“All of our teachers work on their days off. Many have gone part time so they are not working seven days a week,” she confirmed. “We also have concerns about opportunities for promotion of part-timers into leadership roles.”
The DfE found that most teachers want more training for promotion to senior leadership positions, even though professional development is generally difficult to fit into a timetable.
New teachers want workload management covered in their training, while more experienced teachers would prefer more formal training when new elements of the curriculum are introduced, such as computer coding at primary schools.
Some teachers reported that their school had introduced new software to try to reduce workload, such as programmes for tracking pupil performance, but training was necessary for this too.
“Teachers felt that using new software introduced by the school, without sufficient training, meant that the process added negatively to their workload,” the DfE research said.
“We also have to accept that there is inevitably a transition time as people become used to new software,” Barton admitted, though he thinks it can be an effective tool for workload management once it has bedded in.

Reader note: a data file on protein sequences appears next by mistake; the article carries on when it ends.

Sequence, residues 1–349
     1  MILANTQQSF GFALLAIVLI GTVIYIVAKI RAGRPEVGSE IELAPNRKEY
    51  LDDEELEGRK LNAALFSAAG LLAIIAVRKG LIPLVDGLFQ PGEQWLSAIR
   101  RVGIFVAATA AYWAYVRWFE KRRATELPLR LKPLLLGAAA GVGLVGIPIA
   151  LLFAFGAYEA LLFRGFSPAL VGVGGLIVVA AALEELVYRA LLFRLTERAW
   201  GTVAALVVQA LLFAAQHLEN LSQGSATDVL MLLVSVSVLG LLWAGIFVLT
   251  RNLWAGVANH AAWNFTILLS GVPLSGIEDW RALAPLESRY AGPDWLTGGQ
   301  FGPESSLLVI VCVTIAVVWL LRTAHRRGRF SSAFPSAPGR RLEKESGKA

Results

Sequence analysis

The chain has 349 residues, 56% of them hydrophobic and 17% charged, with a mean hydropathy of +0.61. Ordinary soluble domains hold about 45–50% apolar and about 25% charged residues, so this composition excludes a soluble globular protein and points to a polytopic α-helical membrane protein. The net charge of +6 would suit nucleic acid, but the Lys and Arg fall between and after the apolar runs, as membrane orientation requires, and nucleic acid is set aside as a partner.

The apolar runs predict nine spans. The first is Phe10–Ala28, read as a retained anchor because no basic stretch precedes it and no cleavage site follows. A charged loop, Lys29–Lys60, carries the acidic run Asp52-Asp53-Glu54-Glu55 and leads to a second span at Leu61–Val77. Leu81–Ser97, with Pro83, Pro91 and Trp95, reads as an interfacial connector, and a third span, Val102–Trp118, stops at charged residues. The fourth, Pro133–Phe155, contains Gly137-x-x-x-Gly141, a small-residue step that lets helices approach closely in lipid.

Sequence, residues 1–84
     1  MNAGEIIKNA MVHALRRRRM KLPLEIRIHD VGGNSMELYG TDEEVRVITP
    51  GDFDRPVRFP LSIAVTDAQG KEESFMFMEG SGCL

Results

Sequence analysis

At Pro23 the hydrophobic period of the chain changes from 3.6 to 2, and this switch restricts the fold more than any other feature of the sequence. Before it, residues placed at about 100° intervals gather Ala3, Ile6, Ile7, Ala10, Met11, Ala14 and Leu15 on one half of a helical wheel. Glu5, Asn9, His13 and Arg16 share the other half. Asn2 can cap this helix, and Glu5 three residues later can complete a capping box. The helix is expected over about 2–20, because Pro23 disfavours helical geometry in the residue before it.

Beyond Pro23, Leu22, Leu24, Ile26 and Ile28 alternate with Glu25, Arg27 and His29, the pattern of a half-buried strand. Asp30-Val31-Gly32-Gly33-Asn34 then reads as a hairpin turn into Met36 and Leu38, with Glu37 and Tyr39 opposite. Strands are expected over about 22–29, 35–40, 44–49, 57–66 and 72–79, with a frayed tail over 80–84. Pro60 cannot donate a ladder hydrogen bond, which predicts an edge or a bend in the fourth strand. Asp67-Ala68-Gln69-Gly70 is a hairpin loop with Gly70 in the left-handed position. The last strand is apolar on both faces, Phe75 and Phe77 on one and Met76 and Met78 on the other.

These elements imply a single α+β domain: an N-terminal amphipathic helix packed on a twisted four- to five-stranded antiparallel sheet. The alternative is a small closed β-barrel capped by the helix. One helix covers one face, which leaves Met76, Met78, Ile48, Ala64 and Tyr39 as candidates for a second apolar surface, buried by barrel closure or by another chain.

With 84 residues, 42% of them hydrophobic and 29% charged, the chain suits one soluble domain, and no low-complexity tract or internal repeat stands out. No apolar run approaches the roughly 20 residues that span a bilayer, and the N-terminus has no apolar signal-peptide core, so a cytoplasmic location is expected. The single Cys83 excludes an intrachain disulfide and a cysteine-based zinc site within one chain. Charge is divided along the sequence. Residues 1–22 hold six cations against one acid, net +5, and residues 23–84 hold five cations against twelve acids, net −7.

Overall, the DfE concluded that “support and professional development around teacher workload appeared to be limited”.
Senior leaders feel that there is no or little support available to help them tackle the problem, and most rely on their headteacher or leadership networks for help.
Speed read: The most important findings from the DfE’s deluge of reports
Teacher voice in numbers
The teacher voice omnibus survey was completed by 1,962 practising teachers working at 1,619 schools in the maintained sector last summer. There was a balance of primary and secondary teachers, classroom teachers and senior leaders, all answering questions set by the Department for Education and delivered through the National Foundation for Educational Research. Schools Week has picked out the top findings.
Some teachers think illegal informal exclusion is okay
Twenty-two per cent of teachers believe it is ok to put pressure on parents to withdraw their child and send them to another school instead of excluding them, a practice that is illegal.
Six per cent do not teach sex education
Six per cent of senior leaders said their schools teach neither PSHE nor sex and relationships education, which is illegal in local-authority run secondary schools.
Sixty-five per cent said they would need teaching materials to effectively introduce mandatory PSHE and SRE, while 51 per cent requested a CPD programme and examples of good practice.